It’s not the first time that political donations have undone a political career. Former Premier of New South Wales Barrie O’Farrell’s career fell apart over a bottle of (supposedly quite nice and definitely expensive) wine. O’Farrell did try to limit donations to individuals in New South Wales, but the law was overruled by the High Court.
The interest in political donations here is similar to the interest in refugees on Nauru as well as ‘trollers’ on the internet. There is a disconnect between our reality and theirs.
Em Ford’s interview with the ‘troller’ shocked her — not for what you would assume but for the reason that firstly the male ‘troller’ was an articulate person who seemed to be a normal member of society who just couldn’t understand that behind each website blog (such as this one), YouTube channel or social media account was a person who has probably tried their best, with feelings and an expectation that people should treat each other with respect, recognising that at times people have a right to express different experiences and values politely. The ‘troller’ just didn’t ‘get it’.
If you meet Peter Dutton (or Scott Morrison, the previous Immigration Minister responsible for the indefinite and proven — in PNG at least — illegal detention of refugees who asked Australia for protection and a safe home), you would probably find a person who treats you with respect. They both also have families and you would have to imagine they would do anything to protect their family from hurt and keep them safe. It seems they just don’t ‘get it’. Refugees are people who by circumstance have been forced to leave their homes and livelihood. They are families as well and deserve to be treated as well as the families of Dutton or Morrison.
Turnbull attacks Dastyari over donations of around $6,500, claiming that the cash influenced his opinion, while saying nothing about the almost $10million the Liberal and National Parties received from ‘non-individuals’ in 2014/15 (later figures are not available). It stands to reason that Turnbull just doesn’t ‘get it’. Somewhere around $10million would purchase a lot more influence than $6,500 or thereabouts. Is Turnbull upholding a principle or ‘playing the man’ for political gain?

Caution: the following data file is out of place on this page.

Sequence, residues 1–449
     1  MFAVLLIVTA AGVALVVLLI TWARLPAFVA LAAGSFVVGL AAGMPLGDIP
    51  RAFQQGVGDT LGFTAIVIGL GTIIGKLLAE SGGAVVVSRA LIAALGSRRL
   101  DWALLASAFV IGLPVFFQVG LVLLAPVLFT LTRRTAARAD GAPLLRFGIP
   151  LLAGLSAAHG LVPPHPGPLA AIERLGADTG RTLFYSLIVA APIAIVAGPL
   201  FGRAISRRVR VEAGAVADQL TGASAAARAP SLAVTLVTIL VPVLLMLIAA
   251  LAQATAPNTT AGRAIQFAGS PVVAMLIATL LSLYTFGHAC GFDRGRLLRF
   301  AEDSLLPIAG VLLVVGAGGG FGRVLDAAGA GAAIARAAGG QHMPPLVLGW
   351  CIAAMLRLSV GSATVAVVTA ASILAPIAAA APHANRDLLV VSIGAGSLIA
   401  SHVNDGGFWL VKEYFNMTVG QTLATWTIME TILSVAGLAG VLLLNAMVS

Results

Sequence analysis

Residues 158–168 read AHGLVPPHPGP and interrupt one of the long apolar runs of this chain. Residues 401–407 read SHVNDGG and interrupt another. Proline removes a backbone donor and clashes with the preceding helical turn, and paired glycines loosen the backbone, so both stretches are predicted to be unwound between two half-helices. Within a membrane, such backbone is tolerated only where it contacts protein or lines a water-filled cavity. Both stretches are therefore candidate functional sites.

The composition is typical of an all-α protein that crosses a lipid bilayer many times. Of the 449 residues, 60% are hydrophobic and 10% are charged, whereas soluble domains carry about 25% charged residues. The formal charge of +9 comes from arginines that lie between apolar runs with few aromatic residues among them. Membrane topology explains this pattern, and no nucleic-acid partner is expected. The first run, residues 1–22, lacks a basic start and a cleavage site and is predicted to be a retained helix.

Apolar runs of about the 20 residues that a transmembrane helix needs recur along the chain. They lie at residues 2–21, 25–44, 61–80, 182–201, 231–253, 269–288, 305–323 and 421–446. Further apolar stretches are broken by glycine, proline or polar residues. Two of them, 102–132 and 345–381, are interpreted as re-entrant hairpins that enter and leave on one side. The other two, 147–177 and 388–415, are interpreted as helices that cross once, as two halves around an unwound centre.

The real problem here is that there is a disconnect. At what point do people just become numbers, or customers, political enemies or voters? It stands to reason that everyone has people they care about more than the person sitting in the car beside them in the traffic jam, however those who make the decisions in Australia seem to forget that they and their loved ones are a very small proportion of the 24 million plus people who live in Australia or the 7 billion plus people who inhabit the earth. While their job is not to ‘tuck each individual into bed each night’, those who are placed in positions of power need to remember that they are dealing with people’s lives, and act accordingly. Clearly, the Coalition government isn’t. Are they any better than the anonymous ‘troller’ who posts pornography to people’s social media accounts for the fun of it, or those past and present world leaders who carry out genocide for some warped idea of racial purity, without a care in the world about how the victims feel?
This article was originally published on The Political Sword